The Golden Hinde
At the end of Clink Street we were surprised to see a ship. The Golden Hinde is a full-scale reconstruction of Sir Francis Drake’s sailing galleon.
The View from The Shard
While most of the sites we visited during our London long layover didn’t cost us a thing, the opposite was true for The View from The Shard, which opened to the public in February 2013.
The View from The Shard provides the highest viewing gallery in London and visitors can see all of London’s points of interest including Buckingham Palace, the London Eye, St. Paul’s Cathedral, Tower Bridge, and the Tower of London.
The Shard is Western Europe’s tallest building. It is 800 feet tall and provides 360-degree views of the city. The sky deck is located on level 72 and the observation deck is on level 69. The elevator transports visitors 68 floors in sixty seconds.
Admission is pretty pricey so you may be tempted to spend more time here to get your money’s worth. If you do, The View from The Shard offers Europe’s highest Moët & Chandon Champagne bar. However, if you’re visiting London on a long layover, you’ll want to take in the views and move on.
St. Dunstan in the East
We crossed the Thames again, this time using London Bridge. After a short walk along the water, we came to St. Dunstan in the East, the first church built in Saxon times.
The church was restored by St. Dunstan in 950 AD, and it was rebuilt by Sir Christopher Wren after the Great Fire. Only the tower of that church survives as the church suffered severe damage caused by World War II bombings. The ruins of the church were turned into a garden which opened to the public in 1967.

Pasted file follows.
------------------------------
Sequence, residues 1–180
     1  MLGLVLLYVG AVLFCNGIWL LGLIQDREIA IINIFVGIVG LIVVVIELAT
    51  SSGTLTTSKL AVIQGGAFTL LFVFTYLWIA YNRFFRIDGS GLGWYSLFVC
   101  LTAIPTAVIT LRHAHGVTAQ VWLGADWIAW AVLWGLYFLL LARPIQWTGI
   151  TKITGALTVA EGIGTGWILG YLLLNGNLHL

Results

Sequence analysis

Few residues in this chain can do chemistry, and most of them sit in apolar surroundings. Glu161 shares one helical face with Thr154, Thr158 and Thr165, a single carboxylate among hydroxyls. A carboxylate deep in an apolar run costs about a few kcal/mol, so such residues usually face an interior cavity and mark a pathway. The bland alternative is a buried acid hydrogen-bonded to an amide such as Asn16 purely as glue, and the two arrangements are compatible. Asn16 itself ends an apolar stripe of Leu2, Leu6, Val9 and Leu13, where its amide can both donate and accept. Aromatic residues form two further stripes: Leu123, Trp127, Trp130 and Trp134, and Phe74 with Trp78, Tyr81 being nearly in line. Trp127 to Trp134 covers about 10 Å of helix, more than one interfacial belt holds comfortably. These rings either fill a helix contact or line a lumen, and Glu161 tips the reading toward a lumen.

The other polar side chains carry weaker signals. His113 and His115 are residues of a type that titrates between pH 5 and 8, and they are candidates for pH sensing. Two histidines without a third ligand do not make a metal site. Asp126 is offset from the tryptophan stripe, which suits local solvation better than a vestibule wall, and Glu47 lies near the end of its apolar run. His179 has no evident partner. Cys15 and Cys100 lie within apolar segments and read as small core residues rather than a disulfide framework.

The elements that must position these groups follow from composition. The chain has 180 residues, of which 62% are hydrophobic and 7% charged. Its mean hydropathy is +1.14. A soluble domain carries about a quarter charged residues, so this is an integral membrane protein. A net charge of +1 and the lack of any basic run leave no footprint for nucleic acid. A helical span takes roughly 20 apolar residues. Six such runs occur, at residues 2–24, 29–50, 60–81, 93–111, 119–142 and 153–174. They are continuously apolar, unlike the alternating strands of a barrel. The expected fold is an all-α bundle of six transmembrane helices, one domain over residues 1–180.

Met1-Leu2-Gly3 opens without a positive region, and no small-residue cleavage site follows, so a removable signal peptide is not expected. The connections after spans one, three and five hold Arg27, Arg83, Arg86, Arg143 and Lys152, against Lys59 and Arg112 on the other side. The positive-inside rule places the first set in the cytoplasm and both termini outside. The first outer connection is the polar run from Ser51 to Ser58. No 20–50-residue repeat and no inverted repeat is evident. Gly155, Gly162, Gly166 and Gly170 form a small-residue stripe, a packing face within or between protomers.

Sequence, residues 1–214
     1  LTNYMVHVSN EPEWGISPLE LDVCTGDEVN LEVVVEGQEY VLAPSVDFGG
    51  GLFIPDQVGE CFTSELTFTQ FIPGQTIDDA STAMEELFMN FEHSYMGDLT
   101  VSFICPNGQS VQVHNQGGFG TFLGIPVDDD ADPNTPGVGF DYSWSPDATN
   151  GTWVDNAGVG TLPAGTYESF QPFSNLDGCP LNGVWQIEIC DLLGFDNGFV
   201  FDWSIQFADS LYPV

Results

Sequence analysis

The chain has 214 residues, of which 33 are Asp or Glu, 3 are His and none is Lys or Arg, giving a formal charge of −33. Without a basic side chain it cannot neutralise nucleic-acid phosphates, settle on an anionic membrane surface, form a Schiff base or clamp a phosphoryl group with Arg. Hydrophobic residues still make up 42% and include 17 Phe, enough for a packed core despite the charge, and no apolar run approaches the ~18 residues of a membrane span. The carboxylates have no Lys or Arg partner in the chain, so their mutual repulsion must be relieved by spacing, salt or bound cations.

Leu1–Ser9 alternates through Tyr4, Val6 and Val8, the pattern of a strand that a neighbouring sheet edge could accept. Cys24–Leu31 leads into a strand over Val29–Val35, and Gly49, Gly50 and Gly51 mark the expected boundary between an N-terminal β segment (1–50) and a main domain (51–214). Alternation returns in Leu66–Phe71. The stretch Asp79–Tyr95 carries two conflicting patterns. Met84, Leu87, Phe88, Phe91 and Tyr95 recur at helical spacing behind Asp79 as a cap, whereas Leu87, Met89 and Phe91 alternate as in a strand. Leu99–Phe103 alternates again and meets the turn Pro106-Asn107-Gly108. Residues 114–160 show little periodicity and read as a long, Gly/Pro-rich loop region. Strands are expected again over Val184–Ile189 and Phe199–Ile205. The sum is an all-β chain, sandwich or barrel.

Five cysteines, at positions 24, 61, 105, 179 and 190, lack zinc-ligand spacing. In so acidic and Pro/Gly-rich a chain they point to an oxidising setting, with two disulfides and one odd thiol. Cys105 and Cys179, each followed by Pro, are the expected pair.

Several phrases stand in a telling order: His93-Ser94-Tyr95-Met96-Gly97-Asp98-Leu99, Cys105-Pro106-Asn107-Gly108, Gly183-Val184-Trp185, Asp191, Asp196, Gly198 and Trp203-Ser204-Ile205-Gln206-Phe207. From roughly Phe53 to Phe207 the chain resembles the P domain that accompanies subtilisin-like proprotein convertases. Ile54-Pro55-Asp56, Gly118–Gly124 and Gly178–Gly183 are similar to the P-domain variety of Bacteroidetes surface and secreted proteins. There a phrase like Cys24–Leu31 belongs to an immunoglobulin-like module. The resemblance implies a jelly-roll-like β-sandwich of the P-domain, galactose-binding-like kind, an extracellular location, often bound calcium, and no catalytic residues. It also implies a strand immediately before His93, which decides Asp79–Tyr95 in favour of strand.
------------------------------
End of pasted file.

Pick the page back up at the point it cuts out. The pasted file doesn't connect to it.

Leadenhall Market is a very picturesque piece of architecture. Leadenhall Market has existed in some form since the 1st century. In the 1300s, the Manor of Leadenhall was a meeting place for poulterers and cheesemongers. By the 1400s it was the best place in London to buy meat, game, poultry, and fish. As with practically everything else in London, the
market was partially destroyed in the Great Fire but was quickly rebuilt. In 1881 the structure was replaced with a wrought iron and glass structure.
The Royal Exchange
The Royal Exchange was built in 1566 as a center for trading stocks. A hundred years later, additional floors were added for retail businesses, making it an early shopping mall. The Royal Exchange was destroyed in the Great Fire, was rebuilt, but was destroyed by fire again almost 200 years later. The current building was opened in 1844. It is now a shopping and dining destination.
Across the street from the Royal Exchange is the Bank of England, which, at over 300 years old, is one of the oldest banks in the world. When I hear the name Bank of England, all I can think about is the scene in Mary Poppins when Michael creates a run on the Bank of England when he is overheard saying they wouldn’t give him back his money.
We hopped on the Tube and headed to Covent Garden, mostly to catch a glimpse of Neal’s Yard, a colorful alley and courtyard, and to have a meat pie from Battersea Pie Shop. Also in Covent Garden is St. Paul’s Church, which is where Henry Higgins first encounters Eliza Doolittle in My Fair Lady.